Updated Nov. 13, 2013, 3PM EST
For Matt Carlson, finding the rightful owner of a Purple Heart he found on sale at a flea market for $40 was about more than just doing the right thing. It was about bringing a fellow brother home.
Carlson, a Vietnam veteran and history buff, knew from the moment he set eyes on the prestigious medal in Glendale, Ariz., that he had to reunite the honor with the person who had earned it, the Arizona Republic reported. But he had only a few clues from which to work.
The medal had the name “Clarence M. Merriott,” inscribed on the back, a certificate that indicated that Merriott had been killed on June 19, 1944, and came with two letters that Merriott had sent to his family in Oklahoma, according to CNN.
He knew it wouldn’t be easy, so Carlson administered as much help as he could get.
Carlson connected with a veterans group that works to preserve the memory of a WWII battalion to which Merriott had belonged.
He then enlisted the help of a Congressman in Oklahoma and a local museum.
Finally, after nine months, the tireless group located a number of Merriott’s distant relatives who asked that the medals and the letters be donated to the town’s museum. They will be presented on Monday at a program at Stilwell High School.
Carlson made the 1,200-mile drive so that he can be there for the poignant ceremony he allowed to happen.
“This young man ... joined the military to serve his country. I joined the military to serve my country. We both saw combat. I came home. He didn’t,” Carlson told the Arizona Republic. “I helped him find his way home.”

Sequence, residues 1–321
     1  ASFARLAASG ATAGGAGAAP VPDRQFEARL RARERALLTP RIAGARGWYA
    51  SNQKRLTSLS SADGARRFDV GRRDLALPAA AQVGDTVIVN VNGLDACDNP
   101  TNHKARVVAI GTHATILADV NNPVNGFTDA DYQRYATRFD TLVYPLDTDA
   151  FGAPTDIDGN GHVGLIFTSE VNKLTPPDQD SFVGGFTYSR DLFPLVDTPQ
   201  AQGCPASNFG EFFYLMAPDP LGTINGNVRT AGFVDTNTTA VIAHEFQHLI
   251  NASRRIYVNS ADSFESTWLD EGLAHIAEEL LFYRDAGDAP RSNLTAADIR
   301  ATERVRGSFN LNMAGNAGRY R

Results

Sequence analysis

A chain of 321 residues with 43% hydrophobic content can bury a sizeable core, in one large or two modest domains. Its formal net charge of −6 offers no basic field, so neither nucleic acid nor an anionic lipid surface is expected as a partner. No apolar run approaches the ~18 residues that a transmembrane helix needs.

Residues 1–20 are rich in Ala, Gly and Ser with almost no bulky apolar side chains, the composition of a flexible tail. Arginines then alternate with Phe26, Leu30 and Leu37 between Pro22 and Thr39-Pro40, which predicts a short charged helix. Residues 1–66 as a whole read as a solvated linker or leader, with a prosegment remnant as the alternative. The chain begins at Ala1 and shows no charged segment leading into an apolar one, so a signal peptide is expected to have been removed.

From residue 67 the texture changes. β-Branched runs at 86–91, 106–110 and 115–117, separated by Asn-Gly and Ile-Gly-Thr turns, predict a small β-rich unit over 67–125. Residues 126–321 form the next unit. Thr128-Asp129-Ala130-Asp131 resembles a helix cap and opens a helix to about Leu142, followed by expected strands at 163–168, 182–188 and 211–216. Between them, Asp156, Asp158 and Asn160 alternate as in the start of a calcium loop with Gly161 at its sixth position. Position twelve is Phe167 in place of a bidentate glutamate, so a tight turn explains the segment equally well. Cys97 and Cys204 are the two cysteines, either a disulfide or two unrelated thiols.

It’s painstaking work, but a number of veterans across the country have committed to making sure that these priceless medals don’t fall into the wrong hands.
In fact, Zachariah Fike, a Vermont Army National Guard captain, has developed an entire nonprofit around returning such medals to their owners. He was motivated to do so when he saw an increase in the number of these medals being pedaled online among collectors, NBC reported.
Founded in 2012, Purple Hearts Reunited works to return these hard-earned medals to the servicemen who earned them. To date, the nonprofit has succeeded in returning six Purple Hearts.
“I know I’m outnumbered on this -- there's hundreds of collectors selling them and buying them compared to one guy who’s on this crusade,” Fike told NBC. “But if I can just reach one or two of these dealers and convince them to at least try to reunite the medals with the families of the recipients, well, then I’ve done some justice.”
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